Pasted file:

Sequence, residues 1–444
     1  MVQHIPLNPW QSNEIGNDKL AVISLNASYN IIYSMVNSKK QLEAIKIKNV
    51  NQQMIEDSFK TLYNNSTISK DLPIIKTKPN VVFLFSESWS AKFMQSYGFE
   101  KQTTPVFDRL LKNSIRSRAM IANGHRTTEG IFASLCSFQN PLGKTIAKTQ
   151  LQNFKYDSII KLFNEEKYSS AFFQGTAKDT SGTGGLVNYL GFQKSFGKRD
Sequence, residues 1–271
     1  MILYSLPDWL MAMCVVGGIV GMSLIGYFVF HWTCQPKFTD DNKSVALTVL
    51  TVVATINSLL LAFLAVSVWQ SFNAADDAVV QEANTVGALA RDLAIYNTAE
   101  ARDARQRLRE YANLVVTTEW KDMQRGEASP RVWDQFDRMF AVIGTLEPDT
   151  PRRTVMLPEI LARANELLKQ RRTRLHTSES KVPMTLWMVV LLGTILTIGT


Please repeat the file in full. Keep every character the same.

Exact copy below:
Sequence, residues 1–444
     1  MVQHIPLNPW QSNEIGNDKL AVISLNASYN IIYSMVNSKK QLEAIKIKNV
    51  NQQMIEDSFK TLYNNSTISK DLPIIKTKPN VVFLFSESWS AKFMQSYGFE
   101  KQTTPVFDRL LKNSIRSRAM IANGHRTTEG IFASLCSFQN PLGKTIAKTQ
   151  LQNFKYDSII KLFNEEKYSS AFFQGTAKDT SGTGGLVNYL GFQKSFGKRD
Sequence, residues 1–271
     1  MILYSLPDWL MAMCVVGGIV GMSLIGYFVF HWTCQPKFTD DNKSVALTVL
    51  TVVATINSLL LAFLAVSVWQ SFNAADDAVV QEANTVGALA RDLAIYNTAE
   101  ARDARQRLRE YANLVVTTEW KDMQRGEASP RVWDQFDRMF AVIGTLEPDT
   151  PRRTVMLPEI LARANELLKQ RRTRLHTSES KVPMTLWMVV LLGTILTIGT